As global markets grapple with the impact of the coronavirus pandemic, investors worldwide are seeing downward earnings revisions and closely watching for signs of resurgent growth. They don’t have to dig too deep for those signs in China, where a number of economic and market fundamentals have lifted the country toward recovery more rapidly than many expected, and which continue to underpin long-term share price performance, according to Wenchang Ma, portfolio manager at Ninety One in Hong Kong.
“China’s equity market has held on better than the rest of the world, probably better than what many people, including ourselves, expected initially,” said Ma, a veteran China active equity manager. “China was the first in, first out to experience the pandemic. The government took decisive measures with the lockdown and centralized resources to help areas most in need. They were able to maintain discipline in social distancing, and all that helped lift China out of the crisis as fast as possible,” she said. Chinese equities have seen some downward revisions, she said, but earnings adjustments are already under way in addition to a number of sustainable drivers of alpha for the long-term China equity institutional investor.
LOOK BEYOND THE RHETORIC
The geopolitical rhetoric between the U.S. and China, which is as high as it’s ever been, and the potential of a second pandemic shock are still risks that investors need to watch for, Ma said. But the Chinese government is using both strong fiscal policy and prudent monetary policy to continue its economic recovery, and its support of market reforms continues to be consistent. Chinese fiscal policy is leading the economic recovery effort by increasing infrastructure spending and, at the same time, encouraging consumption with tax and fee cuts, she said.
The transformation of China from a more export- and manufacturing-driven economy to one that is more services and consumption-driven continues as well, and the pace of these developments has helped in the recovery. In fact, since China’s exposure to consumption-driven activity is a bit lower as a total proportion of its economy, when compared with many developed economies, China’s economic recovery has actually been slightly faster, Ma said. Several sectors are looking up: “Production levels are close to normal. It’s the same with coal and electricity,” she said. Service sectors like auto sales are already back to last year’s level. Home sales are very resilient. Traffic size in major cities is back to normal levels. Traffic is still lower across cities, and the most impacted has been international travel.”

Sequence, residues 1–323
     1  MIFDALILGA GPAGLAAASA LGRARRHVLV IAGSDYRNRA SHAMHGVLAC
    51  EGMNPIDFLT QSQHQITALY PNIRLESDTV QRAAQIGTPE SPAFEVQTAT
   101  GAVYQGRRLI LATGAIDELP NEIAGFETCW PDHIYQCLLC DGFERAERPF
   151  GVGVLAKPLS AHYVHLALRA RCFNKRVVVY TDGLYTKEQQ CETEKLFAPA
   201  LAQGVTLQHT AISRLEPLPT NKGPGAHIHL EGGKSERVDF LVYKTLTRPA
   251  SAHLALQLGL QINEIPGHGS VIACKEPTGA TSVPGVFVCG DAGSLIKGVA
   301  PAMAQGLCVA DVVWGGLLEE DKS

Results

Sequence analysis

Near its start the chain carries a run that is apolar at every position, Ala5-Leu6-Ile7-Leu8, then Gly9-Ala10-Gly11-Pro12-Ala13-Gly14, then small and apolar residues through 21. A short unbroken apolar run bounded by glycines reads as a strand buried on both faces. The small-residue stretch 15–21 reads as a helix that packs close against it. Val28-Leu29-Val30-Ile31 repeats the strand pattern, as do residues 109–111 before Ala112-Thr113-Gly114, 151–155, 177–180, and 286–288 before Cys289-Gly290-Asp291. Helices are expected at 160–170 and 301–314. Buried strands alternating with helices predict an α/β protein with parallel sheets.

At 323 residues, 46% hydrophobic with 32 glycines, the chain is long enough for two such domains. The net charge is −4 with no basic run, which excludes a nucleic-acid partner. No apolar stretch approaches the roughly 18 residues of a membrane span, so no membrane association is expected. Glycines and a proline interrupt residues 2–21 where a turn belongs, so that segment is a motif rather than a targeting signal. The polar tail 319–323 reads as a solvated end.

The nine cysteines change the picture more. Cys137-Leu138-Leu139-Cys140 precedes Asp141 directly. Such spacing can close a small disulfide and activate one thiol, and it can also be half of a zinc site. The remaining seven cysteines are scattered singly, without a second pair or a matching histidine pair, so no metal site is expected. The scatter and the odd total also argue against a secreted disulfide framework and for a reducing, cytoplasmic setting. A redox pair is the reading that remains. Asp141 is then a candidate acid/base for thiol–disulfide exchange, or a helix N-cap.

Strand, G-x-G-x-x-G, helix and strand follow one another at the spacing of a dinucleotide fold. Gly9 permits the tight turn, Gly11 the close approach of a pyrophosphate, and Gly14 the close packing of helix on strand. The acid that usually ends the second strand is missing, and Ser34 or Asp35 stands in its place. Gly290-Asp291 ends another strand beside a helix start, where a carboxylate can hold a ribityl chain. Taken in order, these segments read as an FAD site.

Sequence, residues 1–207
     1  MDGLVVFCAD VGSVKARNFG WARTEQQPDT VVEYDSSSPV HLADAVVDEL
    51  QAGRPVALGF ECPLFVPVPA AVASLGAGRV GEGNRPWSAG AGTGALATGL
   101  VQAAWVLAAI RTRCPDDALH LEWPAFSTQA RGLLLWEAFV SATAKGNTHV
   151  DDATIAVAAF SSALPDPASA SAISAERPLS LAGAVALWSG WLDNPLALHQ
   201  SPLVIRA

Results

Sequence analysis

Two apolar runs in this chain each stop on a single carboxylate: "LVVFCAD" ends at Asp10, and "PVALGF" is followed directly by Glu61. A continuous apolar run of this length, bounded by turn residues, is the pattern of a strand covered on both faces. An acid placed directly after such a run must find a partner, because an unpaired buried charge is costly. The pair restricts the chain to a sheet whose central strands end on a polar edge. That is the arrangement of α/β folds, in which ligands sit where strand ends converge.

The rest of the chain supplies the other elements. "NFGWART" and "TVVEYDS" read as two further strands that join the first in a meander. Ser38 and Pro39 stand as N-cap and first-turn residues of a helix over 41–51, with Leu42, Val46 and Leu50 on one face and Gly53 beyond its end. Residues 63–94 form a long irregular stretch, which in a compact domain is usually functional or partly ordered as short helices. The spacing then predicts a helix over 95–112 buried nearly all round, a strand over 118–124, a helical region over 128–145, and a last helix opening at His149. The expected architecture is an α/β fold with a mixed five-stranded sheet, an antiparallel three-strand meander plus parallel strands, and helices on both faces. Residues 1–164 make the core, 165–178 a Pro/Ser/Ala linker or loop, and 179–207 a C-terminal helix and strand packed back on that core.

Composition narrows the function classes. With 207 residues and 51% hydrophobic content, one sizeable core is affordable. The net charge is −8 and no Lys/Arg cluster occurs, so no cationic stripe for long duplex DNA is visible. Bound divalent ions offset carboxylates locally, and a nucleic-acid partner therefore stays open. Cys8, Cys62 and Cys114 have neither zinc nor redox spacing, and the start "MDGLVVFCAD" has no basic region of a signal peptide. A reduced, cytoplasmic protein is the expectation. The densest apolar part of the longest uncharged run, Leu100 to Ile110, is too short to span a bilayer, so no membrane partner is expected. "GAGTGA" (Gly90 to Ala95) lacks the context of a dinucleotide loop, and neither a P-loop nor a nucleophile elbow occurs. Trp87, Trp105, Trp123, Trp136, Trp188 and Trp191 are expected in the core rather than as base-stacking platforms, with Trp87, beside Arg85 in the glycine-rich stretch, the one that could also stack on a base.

“We are quite pleased with the way that our China strategies have performed through the crisis,” said George Varino, managing director and head of U.S. institutional at Ninety One. “In many ways, [performance] has justified the allocations that have taken place already. It speaks to the diversification benefits for the past few years as A-shares were included in the MSCI” indexes, he said.
“Most investors we speak to are looking for the downside protection that China provided in the first quarter,” he said, “certainly compared to the rest of emerging markets and developed markets.” As MSCI includes more A-shares in its indexes over time, he said he expects China to become a more segmented allocation for institutional investors. The ease of access to A-shares through Stock Connect and a strong fund pipeline will draw global investor interest in China, including from the U.S., which has lagged thus far versus the rest of the world, he added.